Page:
Most of the about:config settings are stored in a file named prefs.js. As a test, you could rename prefs.js (while Firefox is closed) and then start Firefox back up with default settings. This would remove your home page and pinned/blocked tiles on the new tab page, but I don't know how many other settings you customize. It might only take a few minutes to go through the Options page. If that works well, you could compare the two files and see whether anything jumps out at your as a possible culprit.

If that sounds like a worthwhile experiment:

Open your current Firefox settings (AKA Firefox profile) folder using either

  • "3-bar" menu button > "?" button > Troubleshooting Information
  • (menu bar) Help > Troubleshooting Information
  • type or paste about:support in the address bar and press Enter

In the first table on the page, click the "Show Folder" button. This should launch a new window listing various files and folders in Windows Explorer.

Leaving that window open, switch back to Firefox and Exit, either:

  • "3-bar" menu button > "power" button
  • (menu bar) File > Exit

Pause while Firefox finishes its cleanup, then rename prefs.js to something like prefs.old.

Note: By default, Windows hides the .js extension. To ensure that the rename is effective, you may want to turn off that feature. This article has the steps: http://windows.microsoft.com/en-us/windows/show-hide-file-name-extensions

When you start Firefox, you can test first to make sure the video works and, if so, start tinkering and see whether you can break it. You can always roll back by removing the new prefs.js and renaming prefs.old back to prefs.js (with Firefox closed, of course).

Hmm, what dragons?? Most of the about:config settings are stored in a file named prefs.js. As a test, you could rename prefs.js (while Firefox is closed) and then start Firefox back up with default settings. This would remove your home page and pinned/blocked tiles on the new tab page, but I don't know how many other settings you customize. It might only take a few minutes to go through the Options page. If that works well, you could compare the two files and see whether anything jumps out at your as a possible culprit. If that sounds like a worthwhile experiment: Open your current Firefox settings (AKA Firefox profile) folder using either * "3-bar" menu button > "?" button > Troubleshooting Information * (menu bar) Help > Troubleshooting Information * type or paste about:support in the address bar and press Enter In the first table on the page, click the "Show Folder" button. This should launch a new window listing various files and folders in Windows Explorer. Leaving that window open, switch back to Firefox and Exit, either: * "3-bar" menu button > "power" button * (menu bar) File > Exit Pause while Firefox finishes its cleanup, then rename '''prefs.js''' to something like prefs.old. ''Note: By default, Windows hides the .js extension. To ensure that the rename is effective, you may want to turn off that feature. This article has the steps:'' http://windows.microsoft.com/en-us/windows/show-hide-file-name-extensions When you start Firefox, you can test first to make sure the video works and, if so, start tinkering and see whether you can break it. You can always roll back by removing the new prefs.js and renaming prefs.old back to prefs.js (with Firefox closed, of course).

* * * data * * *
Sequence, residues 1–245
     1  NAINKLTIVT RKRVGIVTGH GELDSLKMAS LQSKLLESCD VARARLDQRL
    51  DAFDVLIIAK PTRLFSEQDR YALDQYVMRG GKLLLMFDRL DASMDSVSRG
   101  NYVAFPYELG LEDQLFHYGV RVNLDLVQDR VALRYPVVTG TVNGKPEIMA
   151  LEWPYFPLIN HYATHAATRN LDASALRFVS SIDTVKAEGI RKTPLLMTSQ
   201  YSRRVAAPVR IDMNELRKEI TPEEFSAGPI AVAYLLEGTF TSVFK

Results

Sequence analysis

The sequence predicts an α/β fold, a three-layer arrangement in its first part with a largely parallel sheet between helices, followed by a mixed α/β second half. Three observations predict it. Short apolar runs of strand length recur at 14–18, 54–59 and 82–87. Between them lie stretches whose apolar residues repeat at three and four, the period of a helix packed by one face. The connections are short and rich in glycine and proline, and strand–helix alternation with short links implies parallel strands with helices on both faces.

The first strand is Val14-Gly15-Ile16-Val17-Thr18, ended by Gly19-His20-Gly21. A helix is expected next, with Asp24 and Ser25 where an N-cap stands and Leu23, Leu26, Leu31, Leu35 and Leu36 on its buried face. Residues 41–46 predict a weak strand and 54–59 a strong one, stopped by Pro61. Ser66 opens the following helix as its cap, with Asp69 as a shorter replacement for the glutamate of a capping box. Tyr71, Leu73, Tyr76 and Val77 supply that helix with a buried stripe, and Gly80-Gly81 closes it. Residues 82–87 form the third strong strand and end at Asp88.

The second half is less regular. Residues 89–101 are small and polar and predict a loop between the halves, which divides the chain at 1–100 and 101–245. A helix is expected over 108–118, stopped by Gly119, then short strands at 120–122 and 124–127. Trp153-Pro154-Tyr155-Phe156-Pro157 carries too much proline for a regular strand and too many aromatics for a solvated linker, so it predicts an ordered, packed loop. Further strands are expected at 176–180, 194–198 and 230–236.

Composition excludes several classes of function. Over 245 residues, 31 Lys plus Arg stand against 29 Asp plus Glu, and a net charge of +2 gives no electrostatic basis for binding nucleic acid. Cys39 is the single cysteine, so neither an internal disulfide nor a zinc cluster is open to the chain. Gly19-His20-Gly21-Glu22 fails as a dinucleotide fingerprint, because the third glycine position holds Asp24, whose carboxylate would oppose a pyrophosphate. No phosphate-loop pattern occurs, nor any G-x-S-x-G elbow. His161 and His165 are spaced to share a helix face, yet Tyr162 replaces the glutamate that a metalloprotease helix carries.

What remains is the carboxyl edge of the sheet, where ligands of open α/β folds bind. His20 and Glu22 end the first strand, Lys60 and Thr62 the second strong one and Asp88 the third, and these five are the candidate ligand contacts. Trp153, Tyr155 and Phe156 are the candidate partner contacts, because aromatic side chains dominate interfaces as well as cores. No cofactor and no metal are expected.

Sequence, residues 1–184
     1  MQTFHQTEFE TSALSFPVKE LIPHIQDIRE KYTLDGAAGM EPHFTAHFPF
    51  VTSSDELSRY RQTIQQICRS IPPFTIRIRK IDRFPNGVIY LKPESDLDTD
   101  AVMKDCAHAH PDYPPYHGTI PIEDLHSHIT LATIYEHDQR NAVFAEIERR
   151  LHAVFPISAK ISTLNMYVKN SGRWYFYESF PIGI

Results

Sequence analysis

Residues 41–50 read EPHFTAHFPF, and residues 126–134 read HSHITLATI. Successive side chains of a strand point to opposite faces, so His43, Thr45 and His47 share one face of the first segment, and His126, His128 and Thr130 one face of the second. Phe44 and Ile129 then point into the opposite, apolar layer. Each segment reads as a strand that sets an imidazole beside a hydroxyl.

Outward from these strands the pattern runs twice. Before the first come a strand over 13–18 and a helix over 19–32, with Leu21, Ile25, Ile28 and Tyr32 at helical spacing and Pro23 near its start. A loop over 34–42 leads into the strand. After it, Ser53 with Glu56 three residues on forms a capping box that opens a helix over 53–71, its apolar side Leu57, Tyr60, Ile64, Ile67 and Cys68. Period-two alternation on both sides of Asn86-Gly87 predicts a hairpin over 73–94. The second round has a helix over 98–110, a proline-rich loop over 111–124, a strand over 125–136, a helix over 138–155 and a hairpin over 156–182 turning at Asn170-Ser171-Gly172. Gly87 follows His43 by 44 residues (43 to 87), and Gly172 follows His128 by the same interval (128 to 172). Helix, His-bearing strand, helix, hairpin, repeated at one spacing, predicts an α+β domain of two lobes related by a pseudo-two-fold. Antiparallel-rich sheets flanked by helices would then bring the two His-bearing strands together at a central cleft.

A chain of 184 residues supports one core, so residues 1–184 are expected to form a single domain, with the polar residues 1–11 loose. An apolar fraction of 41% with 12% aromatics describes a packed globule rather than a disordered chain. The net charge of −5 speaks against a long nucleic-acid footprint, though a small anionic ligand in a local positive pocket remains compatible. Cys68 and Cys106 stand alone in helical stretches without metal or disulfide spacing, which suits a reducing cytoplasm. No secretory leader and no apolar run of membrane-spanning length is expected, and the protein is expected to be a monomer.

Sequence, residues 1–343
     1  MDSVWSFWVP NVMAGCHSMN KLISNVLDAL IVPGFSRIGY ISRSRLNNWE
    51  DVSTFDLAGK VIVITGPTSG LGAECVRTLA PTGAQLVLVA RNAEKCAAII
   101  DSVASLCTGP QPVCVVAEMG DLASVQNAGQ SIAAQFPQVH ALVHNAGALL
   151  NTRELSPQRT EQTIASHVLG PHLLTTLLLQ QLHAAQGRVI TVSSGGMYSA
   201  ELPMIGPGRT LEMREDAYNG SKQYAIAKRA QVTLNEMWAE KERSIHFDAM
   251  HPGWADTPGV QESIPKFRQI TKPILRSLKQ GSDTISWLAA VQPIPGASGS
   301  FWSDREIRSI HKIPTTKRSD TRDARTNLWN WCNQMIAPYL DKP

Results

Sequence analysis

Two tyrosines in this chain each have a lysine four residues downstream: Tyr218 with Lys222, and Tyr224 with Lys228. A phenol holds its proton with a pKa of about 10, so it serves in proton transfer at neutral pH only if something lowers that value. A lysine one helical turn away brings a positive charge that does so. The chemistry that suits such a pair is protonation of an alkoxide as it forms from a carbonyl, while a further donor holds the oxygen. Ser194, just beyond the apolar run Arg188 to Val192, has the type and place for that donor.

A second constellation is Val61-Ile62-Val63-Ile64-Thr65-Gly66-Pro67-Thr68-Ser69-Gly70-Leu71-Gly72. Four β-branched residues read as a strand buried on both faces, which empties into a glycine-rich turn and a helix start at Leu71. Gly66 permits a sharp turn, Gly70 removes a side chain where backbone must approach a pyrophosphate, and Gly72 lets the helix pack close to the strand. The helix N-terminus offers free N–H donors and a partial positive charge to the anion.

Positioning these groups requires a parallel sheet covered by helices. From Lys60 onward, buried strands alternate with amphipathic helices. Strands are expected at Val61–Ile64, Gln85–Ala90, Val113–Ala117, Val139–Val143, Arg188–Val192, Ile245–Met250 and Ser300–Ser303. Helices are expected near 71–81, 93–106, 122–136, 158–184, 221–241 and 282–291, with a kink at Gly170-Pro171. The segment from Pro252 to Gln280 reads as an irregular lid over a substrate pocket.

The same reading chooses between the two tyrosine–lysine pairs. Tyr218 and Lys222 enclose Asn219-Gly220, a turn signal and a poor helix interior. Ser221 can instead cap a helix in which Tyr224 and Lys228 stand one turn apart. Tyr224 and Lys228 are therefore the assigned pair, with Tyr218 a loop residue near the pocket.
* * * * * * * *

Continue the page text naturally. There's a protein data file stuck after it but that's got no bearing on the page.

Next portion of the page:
Question owner

mbman88 said

jscher2000 said
I wanted to determine whether the site was blocked, and clearly it isn't blocked, but for some reason the script doesn't run when it's loaded by the page. It's hard to think of a reason if you disabled all extensions and the problem continued. ?? Sometimes when Firefox is broken without any explanation it helps to: Clean Reinstall We use this name, but it's not about removing your settings, it's about making sure the program files are clean (no inconsistent or alien code files). As described below, this process does not disturb your existing settings. Do NOT uninstall Firefox, that's not needed. It only takes a few minutes. (A) Download a fresh installer for Firefox 49.0.1 from https://www.mozilla.org/firefox/all/ to a convenient location. (Scroll down to your preferred language.) Choose the "Windows" version (32-bit) rather than the 64-bit version for maximum plugin compatibility (and of course for 32-bit Windows systems). (B) Exit out of Firefox (if applicable). (C) Using Windows Explorer/My Computer, rename the program folder as follows: C:\Program Files\Mozilla Firefox to C:\Program Files\OldFirefox 32-bit Firefox on 64-bit Windows: Rename C:\Program Files (x86)\Mozilla Firefox to C:\Program Files (x86)\OldFirefox (D) Run the installer you downloaded in step (A). It should automatically connect to your existing settings. Note: Some plugins may exist only in that OldFirefox folder. If something essential is missing, look in these folders:
  • \OldFirefox\Plugins
  • \OldFirefox\browser\plugins
Any improvement?